Wednesday, December 13, 2017

Ability’s Muse: Self-care crucial for non-able-bodied students

February 18, 2015 by Andy Chen, Camosun College Students with dis(A)bilities Collective

How does living along a continuum of poor-to-superior health apply to a non-able-bodied person?

It makes all the difference in the world.

A non-able-bodied person needs to spend proportionately more time on a regimen of self-care, a health-care term that refers to any necessary human regulatory function that’s under individual control, is deliberate, and is self-initiated.

Ability’s Muse is the Camosun College Students with (dis)Abilities column (graphic provided).

Ability’s Muse is the Camosun College Students with (dis)Abilities column (graphic provided).

This could involve, but not be limited to, following a strict treatment regiment; exercise; meditation; avoiding risky behaviour or tendencies; therapy; or possibly a combination of all of the above and others.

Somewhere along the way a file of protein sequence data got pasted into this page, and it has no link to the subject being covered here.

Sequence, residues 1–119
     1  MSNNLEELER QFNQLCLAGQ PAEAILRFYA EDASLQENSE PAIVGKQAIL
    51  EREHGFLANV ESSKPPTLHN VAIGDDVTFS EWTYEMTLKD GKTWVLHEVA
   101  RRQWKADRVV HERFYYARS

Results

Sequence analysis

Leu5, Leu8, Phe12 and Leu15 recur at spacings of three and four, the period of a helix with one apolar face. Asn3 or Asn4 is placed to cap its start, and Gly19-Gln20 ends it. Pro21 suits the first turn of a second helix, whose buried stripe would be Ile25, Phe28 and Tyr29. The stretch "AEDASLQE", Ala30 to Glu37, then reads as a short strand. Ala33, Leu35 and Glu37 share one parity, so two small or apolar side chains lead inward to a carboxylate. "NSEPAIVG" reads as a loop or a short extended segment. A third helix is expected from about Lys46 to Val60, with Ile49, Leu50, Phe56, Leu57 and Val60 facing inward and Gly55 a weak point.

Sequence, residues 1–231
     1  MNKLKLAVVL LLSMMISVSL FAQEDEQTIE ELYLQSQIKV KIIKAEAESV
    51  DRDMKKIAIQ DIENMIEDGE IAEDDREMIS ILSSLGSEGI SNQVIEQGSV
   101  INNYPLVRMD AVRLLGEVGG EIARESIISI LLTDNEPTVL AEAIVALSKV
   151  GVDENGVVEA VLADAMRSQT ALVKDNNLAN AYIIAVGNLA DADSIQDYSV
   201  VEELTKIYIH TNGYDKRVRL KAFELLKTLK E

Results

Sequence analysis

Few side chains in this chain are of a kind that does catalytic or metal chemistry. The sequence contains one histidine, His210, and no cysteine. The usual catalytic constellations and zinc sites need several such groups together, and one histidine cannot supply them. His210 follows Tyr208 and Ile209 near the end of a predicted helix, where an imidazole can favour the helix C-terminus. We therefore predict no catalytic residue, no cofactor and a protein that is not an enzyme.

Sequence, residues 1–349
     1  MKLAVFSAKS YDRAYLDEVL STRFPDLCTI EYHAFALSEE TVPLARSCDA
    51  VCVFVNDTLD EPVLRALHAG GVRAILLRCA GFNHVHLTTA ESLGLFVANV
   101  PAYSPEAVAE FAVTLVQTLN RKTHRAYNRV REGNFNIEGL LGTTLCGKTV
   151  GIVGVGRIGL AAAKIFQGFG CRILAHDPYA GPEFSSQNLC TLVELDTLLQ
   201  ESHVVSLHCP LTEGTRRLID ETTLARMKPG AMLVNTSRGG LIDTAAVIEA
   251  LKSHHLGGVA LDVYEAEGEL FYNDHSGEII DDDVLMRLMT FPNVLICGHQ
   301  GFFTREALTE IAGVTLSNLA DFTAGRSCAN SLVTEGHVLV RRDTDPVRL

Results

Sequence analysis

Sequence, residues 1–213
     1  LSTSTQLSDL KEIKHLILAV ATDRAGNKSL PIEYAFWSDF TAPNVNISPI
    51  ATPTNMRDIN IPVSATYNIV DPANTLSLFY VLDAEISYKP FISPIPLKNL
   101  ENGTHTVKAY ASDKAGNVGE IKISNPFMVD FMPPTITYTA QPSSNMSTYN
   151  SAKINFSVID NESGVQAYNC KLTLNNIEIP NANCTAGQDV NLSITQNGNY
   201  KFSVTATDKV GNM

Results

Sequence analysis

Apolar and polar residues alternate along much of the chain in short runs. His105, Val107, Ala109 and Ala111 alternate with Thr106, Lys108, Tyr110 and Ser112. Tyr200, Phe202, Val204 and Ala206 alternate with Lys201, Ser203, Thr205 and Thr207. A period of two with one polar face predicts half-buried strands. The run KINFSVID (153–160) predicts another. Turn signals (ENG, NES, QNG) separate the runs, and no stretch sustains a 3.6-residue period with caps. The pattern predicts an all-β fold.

How does the added dimension of pursuing public postsecondary affect all this?

Any full-time student can attest that the barrage of assignments, labs, and exams requires a delicate work-life balance; for someone on a self-care regimen, it means accepting a state of less-than-optimal health without harming oneself.

What is the benefit of doing an all-night study session if that lack of sleep affects your memory and concentration?

We imagine student life as living in residences and sharing roommate horror stories, but what if your self-care requires you to isolate in part to decompress on a daily basis?

Often, non-able-bodied students are fully aware of the consequences of deviating from that self-care and may reach out for every accommodation the institution can afford. When the options become trading off segments of good health to make minor strides towards reaching an academic or career goal, do others have a right to judge them for accessing it?

It’s a daily regime of choosing not to harm oneself.

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